I can see that I’ve completely lost my campaign for more judicious use of air conditioning. Even the German people, who long eschewed the big chill, have been seeking canned air in record heat this year. So let me turn to another windmill and go to war on clothes dryers.
This idea comes from Michelle Slatalla, who recently wrote a column in The Wall Street Journal about her own rebellion against the clothes dryer. Slatalla, inspired by her travels in Italy, decided to hang her laundry on a line in front yard, to the consternation of her husband and neighbors. The flap (get it?) drew her to try to understand why Americans, unlike Europeans, are more enamored of dry-heat machines than of fresh air.
Her research took her to the introduction of the dryer in 1938 and its strong embrace by Americans that essentially changed the culture. “If you were middle class in the U.S., you got your house electrified. Clotheslines became associated with poverty,” noted Steven Lake, director of a documentary called “Drying for Freedom,” as quoted by Slatalla.
That explains a whole lot about Americans, who often forego common sense and economy in favor of an ethic ruled by “How would it look?” (a “logic” that also explains some women’s devotion to impractical high heels). Ah, but then we move on to island living.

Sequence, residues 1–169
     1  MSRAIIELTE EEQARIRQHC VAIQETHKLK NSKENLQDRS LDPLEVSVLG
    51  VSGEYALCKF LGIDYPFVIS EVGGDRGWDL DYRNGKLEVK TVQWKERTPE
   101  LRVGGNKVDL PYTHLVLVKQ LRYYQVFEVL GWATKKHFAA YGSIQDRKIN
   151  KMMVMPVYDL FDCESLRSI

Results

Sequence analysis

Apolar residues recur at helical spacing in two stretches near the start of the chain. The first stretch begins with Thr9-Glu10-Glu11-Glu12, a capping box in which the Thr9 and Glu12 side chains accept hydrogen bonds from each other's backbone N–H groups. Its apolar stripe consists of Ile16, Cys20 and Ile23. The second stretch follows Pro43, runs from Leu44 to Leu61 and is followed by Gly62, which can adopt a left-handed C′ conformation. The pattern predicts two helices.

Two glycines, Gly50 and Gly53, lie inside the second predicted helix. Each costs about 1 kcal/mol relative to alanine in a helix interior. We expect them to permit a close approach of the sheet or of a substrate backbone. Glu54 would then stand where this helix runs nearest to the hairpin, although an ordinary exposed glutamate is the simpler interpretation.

Nowhere is a clothes dryer more stupid than in the islands. With such good weather and breezes for most of the year, the island is the perfect place to get that fresh smell of air-dried clothing. Also, dryers add unnecessary heat to the home, eat up electricity, and release carbon dioxide into the air. Yes, it is less time-consuming to toss the clothes in and push a button rather than hang them out on the line, but seriously? What are you going to do with that extra 15 minutes?
It used to be that anyone building a home in the islands understood that dryers were dumb, but gradually the American way snuck in, even to the point of contracts that insisted on them. When I did an article on the proposed development at Sandy Point called the North Caicos Yacht Club, I was appalled to see that “no clotheslines” was on the list of community rules. Let me repeat that: The developers were telling people that they were not allowed to save money and the environment by drying their clothes in the abundant sun and wind. Yikes! (I know of only one house built there, and yes, it has a dryer … but no one to enforce its use.)
I of course use a dryer in the U.S., mostly because I have no backyard in which to put up a clothesline, and because the weather is rarely conducive to it. But on North Caicos, I want a dryer even less than I want a ravenous bugblatter beast of Traal in my home. It’s a wasteful, lazy idea.
Next up on my list? Dishwashers!
(There will be no Beyond the Parrot Paradise blog next week. Summer break!)